Even as the Specialty film universe shifts its focus this weekend to Park City’s Sundance Film Festival and then next Wednesday to the Oscar nominations, new limited releases are still making their way into theaters across the country. Saban Films/Directv is rolling out Small Town Crime, which Octavia Spencer executive produced, tapping fellow veteran actors to join the cast of a title that had its debut at last year’s SXSW Film Festival.
Magnolia Pictures’ documentary A Final Year recalls what feels like an era long ago. Directed by Greg Barker, the feature goes inside the Obama Administration over its final year in office. Sundance Selects rolls out Italian-language feature A Ciambra, which it picked up at Cannes in May. And Oscilloscope, which will be celebrating 10 years since its founding in Sundance, will open doc The Road Movie, which it sees as appealing counter-awards programming.
Other limited releases this weekend include Abramorama’s doc Kangaroo: A Love-Hate Story at Village East in New York and Laemmle Music Hall in L.A. Also, GKIDS is opening Japanese animated feature Mary and The Witch’s Flower by Oscar-nominated filmmaker Hiromasa Yonebayashi.
Small Town Crime
Directors-writers: Eshom Nelms, Ian Nelms
Cast: John Hawkes, Anthony Anderson, Octavia Spencer, Clifton Collins, Jr., Michael Vartan, Daniel Sunjata, Don Harvey, Jeremy Ratchford, James Lafferty, Dale Dickey, Caity Lotz, Stefanie Scott, Robert Foster
Distributor: Saban Films/Directv
Filmmaker/brothers Eshom and Ian Nelms had the idea for Small Town Crime while driving home from visiting their parents in California’s Central Valley. The long stretch of farmland, dairy farms and oil fields inspired what would become a future project.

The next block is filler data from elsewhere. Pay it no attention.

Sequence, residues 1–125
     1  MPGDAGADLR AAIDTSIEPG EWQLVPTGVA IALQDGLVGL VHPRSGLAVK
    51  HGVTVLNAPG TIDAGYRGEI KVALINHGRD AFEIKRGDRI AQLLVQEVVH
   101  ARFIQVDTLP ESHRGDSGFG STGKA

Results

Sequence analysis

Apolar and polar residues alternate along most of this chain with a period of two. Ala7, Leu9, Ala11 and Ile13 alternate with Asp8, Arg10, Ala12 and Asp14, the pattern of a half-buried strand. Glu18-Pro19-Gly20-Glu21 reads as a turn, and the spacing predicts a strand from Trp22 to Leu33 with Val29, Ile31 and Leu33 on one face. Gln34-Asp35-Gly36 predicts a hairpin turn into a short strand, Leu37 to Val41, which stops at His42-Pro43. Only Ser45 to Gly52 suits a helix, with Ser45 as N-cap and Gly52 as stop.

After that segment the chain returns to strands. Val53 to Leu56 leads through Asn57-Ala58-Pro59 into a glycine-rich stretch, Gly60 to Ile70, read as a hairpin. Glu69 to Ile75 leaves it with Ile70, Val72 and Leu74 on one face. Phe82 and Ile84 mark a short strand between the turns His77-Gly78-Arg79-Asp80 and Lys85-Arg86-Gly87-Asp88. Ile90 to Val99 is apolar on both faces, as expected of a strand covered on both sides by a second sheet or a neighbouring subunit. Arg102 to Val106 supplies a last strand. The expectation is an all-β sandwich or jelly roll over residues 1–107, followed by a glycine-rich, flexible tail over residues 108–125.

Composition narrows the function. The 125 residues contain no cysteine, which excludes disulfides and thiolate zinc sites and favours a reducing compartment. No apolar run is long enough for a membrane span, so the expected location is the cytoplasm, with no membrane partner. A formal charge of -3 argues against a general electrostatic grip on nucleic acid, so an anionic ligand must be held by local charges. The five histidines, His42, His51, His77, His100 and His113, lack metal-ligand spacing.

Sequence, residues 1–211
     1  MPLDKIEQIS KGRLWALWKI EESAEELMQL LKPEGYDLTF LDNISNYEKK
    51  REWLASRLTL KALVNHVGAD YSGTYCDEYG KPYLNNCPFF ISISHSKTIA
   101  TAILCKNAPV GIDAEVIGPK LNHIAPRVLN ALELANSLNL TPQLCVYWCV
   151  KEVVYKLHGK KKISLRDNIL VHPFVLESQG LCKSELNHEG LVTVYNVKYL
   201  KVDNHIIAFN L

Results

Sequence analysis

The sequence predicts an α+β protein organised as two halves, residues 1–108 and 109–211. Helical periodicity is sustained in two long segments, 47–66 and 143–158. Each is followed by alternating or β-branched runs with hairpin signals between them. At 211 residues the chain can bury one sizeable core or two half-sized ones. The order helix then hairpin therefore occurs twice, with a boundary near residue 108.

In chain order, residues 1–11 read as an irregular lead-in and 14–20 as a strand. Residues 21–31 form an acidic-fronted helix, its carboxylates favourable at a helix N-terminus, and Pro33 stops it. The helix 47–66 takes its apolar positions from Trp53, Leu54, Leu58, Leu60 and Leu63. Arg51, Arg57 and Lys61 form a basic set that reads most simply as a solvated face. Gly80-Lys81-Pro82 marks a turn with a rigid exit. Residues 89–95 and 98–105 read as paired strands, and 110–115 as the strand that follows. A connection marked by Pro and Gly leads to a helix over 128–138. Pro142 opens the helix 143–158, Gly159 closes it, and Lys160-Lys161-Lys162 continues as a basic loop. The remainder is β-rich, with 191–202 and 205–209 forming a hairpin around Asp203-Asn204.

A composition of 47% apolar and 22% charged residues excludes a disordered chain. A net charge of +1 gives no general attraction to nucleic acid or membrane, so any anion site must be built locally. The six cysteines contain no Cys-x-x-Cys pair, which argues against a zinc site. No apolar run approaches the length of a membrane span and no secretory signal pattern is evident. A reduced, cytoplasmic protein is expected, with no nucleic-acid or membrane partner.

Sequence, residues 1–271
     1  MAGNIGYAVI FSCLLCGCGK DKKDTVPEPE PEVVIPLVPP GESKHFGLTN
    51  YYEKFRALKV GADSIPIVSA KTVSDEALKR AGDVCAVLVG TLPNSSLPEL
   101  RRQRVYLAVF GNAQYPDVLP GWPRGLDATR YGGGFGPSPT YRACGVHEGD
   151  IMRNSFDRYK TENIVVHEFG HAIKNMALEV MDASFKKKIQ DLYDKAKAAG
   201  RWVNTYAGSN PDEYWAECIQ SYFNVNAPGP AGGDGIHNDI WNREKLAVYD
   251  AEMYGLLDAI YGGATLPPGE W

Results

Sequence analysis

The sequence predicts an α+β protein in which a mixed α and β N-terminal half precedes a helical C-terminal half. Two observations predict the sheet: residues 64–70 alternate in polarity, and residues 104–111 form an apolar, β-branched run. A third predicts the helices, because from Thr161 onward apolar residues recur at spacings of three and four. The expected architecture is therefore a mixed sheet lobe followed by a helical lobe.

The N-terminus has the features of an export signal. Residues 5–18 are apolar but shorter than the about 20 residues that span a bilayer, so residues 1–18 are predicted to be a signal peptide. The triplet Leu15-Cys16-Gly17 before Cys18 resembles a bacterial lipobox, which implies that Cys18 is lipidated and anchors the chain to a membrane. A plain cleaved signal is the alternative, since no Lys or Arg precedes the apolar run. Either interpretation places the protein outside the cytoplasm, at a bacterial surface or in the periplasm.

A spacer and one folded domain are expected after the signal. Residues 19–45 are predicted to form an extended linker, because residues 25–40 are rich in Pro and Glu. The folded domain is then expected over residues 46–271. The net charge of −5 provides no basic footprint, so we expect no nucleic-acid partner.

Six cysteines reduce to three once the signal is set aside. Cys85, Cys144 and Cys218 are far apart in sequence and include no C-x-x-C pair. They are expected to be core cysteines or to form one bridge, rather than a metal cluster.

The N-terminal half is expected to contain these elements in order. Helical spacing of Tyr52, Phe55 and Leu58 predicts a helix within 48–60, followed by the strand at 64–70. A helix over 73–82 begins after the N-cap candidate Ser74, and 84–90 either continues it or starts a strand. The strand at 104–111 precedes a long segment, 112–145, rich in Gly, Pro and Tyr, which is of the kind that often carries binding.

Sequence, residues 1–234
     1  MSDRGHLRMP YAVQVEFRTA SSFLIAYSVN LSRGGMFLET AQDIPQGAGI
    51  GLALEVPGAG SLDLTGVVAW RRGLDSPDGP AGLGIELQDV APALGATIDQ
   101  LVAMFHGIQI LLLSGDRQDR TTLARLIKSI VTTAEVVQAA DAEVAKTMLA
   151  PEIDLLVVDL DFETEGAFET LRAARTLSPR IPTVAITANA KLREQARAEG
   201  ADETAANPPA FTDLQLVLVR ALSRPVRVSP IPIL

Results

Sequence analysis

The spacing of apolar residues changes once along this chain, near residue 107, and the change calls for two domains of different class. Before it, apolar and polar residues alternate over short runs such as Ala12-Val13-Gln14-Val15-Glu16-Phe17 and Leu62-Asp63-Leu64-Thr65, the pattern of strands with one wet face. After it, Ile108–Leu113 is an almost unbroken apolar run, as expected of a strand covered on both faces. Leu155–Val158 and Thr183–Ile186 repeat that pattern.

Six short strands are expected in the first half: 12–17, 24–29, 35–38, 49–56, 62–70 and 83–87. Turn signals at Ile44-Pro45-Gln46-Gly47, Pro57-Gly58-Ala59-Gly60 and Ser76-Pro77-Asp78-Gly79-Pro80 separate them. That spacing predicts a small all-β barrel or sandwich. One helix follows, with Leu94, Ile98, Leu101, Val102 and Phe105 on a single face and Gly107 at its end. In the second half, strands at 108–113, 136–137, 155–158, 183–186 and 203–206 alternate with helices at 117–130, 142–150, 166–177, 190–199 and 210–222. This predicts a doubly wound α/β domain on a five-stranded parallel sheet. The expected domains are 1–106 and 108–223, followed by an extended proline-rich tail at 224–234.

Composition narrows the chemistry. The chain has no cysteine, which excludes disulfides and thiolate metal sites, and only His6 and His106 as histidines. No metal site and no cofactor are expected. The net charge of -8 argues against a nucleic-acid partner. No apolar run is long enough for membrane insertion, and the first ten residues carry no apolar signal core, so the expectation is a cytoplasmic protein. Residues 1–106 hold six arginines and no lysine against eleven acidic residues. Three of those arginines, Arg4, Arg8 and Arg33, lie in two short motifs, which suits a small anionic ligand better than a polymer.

“We had this idea of what if someone found a body out here,” said Ian Nelms. “We created a character of an alcoholic ex-cop and then from there we worked on it off and on.”
Small Town Crime centers on ex-cop Mike Kendall (John Hawkes) discovers the body of a young woman and, in an act of self- redemption, becomes hell bent on finding the killer. While his uncouth and quirky detective style helps break open the case, his dogged determination unwittingly puts his sister (Octavia Spencer) and best friend (Anthony Anderson) in danger.
The Nelms brothers worked on the script over three years, pausing intermittently to work on other projects, including Lost On Purpose and Waffle Street. Octavia Spencer hired the pair to adapt a book, and about the same time, they had finished a trailer for Waffle Street.
“We asked her if she’d like to check out the trailer, and when she saw we had Danny Glover she was impressed,” said Nelms. “She asked what we were working on and let her know about this crime thriller.” Spencer read the script within 24 hours and came right back to the filmmakers offering to executive produce the project. She also asked about who they felt would be possible cast members.
“We let her know about John Hawkes,” said Eshom Nelms. “He’s not so into technology, so she wrote him a letter. He read the script and then sat down with us. The first thing he said was, ‘I’ve only read this three times.’ He was super-prepared and had a lot of questions. He built a reservoir of information about his character.”
The brothers and Spencer also reached out to Anthony Anderson. He came on within a week. Their D.P. Johnny Derango knew a woman who had worked with Clifton Collins, Jr. who they also wanted for the cast. The acquaintance passed the script along and he joined after a Skype call with the directors.
Shooting took place over 35 days in February and March, 2016 in Utah. “They are enthusiastic there about filmmaking,” said Ian Nelm. Added Eshom Nelms: “The weather can throw you some curve balls, but those are the hurdles of making movies.”
Small Town Crime debuted at SXSW, filling the Paramount Theater with an enthusiastic audience, according to the brothers. Five companies approached them about the film, causing a bit of a bidding war. “Saban Films rose to the top,” said Ian Nelms. “It has been fun working with them. We’ve collaborated on the poster etc.”
Saban Films will open Small Town Crime at Village East in New York as well as Los Feliz 3 in Los Angeles today.